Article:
Arsenal have also dispensed with the idea of playing out from the back under all circumstances, as Adrian Clarke highlighted in his Breakdown of the Bournemouth game. The result, of course, has been more moribund attacking displays. The blanket is just never quite big enough. Arsenal have struggled for attacking identity under Emery, but there is some mitigation for the Spaniard this season as he inducts new attacking talent into crucial positions via the likes of Pepe, Ceballos and Willock, with Nelson and Saka promoted into the first team too.

Interestingly, in the aforementioned interview ahead of the Europa League Final, Emery namechecked Mesut Özil as one of his ‘protagonists’, “For the first [possession based play], Ozil suits very well, he has the virtue of discovering spaces. For the second, Aubameyang. To the extent that we are able to combine it, we will grow.” Özil has, of course, been sidelined again this season for non-footballing reasons.

Like Alexis, Özil had previously been a ‘style leader’ for the Arsenal team. It danced to his tune and tolerated his flaws. Alexis and Özil were stylistically dominant characters. Alexis’ replacement was, essentially, Pierre Emerick Aubameyang and the Gabonese is an outstanding goalscorer, but leaves no stylistic imprint on the team because he only really operates in the final 30 yards of the pitch.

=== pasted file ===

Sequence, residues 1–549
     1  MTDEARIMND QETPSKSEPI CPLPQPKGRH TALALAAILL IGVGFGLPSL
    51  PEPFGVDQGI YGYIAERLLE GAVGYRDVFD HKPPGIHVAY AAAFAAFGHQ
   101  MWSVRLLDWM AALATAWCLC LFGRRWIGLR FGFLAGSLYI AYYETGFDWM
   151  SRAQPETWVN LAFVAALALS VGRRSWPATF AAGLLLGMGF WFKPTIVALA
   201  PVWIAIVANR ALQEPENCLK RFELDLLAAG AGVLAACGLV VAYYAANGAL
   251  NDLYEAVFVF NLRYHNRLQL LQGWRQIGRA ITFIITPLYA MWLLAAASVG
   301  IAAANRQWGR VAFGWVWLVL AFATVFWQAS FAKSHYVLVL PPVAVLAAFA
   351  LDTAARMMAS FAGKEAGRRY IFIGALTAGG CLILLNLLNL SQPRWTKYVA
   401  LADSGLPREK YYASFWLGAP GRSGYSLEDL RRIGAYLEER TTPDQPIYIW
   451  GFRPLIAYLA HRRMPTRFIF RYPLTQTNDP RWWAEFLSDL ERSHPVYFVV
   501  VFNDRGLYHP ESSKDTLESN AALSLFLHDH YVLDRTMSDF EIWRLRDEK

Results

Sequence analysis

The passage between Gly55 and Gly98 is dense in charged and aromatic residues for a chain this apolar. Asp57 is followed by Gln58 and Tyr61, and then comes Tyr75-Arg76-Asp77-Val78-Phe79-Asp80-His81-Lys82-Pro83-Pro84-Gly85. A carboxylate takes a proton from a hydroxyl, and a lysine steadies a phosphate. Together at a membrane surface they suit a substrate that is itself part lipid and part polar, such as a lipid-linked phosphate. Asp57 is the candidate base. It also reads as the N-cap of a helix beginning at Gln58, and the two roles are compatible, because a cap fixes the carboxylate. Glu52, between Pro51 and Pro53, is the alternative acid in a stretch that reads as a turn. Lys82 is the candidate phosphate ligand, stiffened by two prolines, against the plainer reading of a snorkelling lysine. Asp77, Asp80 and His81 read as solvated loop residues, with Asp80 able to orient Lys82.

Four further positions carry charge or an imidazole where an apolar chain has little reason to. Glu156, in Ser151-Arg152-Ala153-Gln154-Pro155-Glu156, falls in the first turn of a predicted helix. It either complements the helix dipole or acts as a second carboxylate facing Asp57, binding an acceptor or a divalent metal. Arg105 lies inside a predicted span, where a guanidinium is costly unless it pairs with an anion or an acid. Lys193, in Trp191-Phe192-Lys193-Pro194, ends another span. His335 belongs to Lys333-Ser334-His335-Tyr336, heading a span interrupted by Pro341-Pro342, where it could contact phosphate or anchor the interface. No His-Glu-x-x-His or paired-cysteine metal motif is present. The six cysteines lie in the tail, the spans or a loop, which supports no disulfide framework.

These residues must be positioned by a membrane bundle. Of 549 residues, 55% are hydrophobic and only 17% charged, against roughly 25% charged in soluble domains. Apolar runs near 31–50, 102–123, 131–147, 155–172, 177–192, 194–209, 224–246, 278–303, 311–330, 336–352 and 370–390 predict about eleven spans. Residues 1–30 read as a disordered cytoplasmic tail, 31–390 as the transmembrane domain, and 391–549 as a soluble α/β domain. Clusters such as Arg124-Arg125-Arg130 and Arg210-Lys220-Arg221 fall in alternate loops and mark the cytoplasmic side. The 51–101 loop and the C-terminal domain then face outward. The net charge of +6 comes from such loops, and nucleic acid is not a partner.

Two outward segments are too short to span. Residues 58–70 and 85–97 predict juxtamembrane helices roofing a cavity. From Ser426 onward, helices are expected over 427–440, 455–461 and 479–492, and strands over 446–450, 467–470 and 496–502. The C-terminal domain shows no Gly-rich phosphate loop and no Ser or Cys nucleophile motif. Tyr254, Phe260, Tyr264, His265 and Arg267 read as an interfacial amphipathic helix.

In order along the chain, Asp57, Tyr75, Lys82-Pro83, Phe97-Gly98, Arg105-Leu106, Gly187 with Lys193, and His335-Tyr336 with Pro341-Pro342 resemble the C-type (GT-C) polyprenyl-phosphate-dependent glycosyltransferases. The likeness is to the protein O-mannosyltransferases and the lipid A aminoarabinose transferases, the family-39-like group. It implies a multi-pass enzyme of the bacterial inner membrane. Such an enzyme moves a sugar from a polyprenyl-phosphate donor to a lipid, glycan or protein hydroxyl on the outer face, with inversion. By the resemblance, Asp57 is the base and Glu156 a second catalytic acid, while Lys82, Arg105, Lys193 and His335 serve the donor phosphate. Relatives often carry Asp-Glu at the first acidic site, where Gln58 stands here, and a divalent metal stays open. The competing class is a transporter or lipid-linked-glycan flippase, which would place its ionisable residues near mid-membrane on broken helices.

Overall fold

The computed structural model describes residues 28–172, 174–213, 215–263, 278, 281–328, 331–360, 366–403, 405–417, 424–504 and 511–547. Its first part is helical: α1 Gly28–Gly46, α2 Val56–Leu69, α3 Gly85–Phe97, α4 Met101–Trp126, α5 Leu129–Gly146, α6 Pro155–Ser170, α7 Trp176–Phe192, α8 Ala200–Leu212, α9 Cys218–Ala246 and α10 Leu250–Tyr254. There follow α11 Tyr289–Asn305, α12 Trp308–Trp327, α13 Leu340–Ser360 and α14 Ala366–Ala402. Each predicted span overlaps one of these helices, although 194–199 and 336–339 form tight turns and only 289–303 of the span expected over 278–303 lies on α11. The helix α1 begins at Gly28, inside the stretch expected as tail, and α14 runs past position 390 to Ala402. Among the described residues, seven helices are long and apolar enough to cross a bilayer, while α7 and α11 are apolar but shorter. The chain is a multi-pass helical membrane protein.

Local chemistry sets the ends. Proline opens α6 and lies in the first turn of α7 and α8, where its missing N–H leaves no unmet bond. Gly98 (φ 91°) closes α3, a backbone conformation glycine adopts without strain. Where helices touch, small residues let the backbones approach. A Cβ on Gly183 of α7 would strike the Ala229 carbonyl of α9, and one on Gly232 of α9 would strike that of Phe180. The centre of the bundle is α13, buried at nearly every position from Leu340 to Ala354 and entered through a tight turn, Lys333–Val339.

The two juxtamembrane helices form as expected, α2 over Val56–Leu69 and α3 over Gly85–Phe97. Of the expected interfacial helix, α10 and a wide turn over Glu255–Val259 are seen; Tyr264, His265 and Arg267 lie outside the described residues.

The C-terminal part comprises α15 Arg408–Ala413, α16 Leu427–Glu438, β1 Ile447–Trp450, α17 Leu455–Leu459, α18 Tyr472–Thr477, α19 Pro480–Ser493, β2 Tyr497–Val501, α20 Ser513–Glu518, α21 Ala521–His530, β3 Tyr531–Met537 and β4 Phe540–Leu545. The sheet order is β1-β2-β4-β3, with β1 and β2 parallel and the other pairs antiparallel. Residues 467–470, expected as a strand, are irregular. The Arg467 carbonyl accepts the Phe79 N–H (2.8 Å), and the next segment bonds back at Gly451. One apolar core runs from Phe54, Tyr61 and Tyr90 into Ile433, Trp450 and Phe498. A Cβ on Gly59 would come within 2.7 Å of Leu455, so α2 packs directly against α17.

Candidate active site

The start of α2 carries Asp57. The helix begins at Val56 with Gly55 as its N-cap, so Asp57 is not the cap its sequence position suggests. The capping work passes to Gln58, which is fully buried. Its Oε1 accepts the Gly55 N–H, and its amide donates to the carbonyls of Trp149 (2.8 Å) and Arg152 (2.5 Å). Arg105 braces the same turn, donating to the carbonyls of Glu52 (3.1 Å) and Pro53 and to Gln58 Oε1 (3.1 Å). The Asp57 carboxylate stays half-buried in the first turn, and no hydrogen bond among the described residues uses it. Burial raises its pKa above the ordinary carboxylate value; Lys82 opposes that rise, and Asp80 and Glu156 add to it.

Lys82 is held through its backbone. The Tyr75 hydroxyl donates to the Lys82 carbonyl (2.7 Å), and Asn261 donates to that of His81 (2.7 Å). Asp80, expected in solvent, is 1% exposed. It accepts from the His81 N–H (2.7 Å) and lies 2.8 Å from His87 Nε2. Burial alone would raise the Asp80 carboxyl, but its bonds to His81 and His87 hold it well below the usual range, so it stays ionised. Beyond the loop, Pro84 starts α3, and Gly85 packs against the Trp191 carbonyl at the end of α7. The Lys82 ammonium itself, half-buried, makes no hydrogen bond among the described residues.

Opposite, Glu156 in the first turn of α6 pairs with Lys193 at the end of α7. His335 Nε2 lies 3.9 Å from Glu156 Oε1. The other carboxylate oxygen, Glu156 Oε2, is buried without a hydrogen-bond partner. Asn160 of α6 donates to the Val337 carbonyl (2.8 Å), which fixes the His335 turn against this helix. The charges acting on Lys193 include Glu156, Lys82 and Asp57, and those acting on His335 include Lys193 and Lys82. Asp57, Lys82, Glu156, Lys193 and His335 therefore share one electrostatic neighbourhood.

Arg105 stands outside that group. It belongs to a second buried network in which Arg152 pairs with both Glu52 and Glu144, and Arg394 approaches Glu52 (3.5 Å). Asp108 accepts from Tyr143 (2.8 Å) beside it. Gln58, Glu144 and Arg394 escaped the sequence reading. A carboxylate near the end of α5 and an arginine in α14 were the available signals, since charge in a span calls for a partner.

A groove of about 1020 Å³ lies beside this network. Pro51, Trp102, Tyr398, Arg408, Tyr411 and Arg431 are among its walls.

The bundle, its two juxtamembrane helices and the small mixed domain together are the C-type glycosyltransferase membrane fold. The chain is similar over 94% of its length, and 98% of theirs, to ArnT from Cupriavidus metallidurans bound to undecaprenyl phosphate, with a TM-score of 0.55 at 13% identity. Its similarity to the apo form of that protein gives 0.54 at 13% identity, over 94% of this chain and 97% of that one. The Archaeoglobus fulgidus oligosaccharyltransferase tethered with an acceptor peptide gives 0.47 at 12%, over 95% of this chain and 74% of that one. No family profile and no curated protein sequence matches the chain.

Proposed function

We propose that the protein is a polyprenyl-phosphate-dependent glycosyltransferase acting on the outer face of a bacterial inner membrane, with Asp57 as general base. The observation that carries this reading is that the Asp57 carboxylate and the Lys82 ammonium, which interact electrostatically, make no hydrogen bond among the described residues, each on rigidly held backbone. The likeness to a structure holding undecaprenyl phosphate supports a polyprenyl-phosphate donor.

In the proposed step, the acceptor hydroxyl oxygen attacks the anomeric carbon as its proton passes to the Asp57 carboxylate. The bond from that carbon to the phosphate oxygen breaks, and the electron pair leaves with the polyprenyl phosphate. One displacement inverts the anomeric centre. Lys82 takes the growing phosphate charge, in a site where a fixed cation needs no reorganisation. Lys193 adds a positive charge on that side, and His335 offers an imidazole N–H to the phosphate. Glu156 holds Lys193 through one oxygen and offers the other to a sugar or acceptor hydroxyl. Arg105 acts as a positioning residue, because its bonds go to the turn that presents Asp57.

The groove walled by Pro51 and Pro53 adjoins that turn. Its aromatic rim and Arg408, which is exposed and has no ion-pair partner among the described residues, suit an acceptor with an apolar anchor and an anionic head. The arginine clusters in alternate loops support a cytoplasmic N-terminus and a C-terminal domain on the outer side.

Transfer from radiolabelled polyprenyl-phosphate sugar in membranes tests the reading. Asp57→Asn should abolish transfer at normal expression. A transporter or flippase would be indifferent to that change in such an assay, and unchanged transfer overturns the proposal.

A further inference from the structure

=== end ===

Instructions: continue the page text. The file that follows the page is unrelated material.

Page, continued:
Even when Özil has played under Emery, he has generally struggled to assert himself because Emery teams prefer to attack through wide spaces. (Though it is worth noting that Mesut’s decline predates Unai’s appointment). The German is not the only player that has struggled to interpret the coach’s demands of the number 10 role. Ramsey never really got the hang of it either, the Welshman looked far more comfortable as a freer number 8 in a 352.

In the opening match of the 2018-19 season, against Manchester City, Aaron Ramsey touched the ball just 18 times in the role behind the strikers. That was Manchester City of course, but after the autumn, he did not operate in that role again. On the first day of this season, Joe Willock played a similar position in a 4-2-3-1 formation at Newcastle.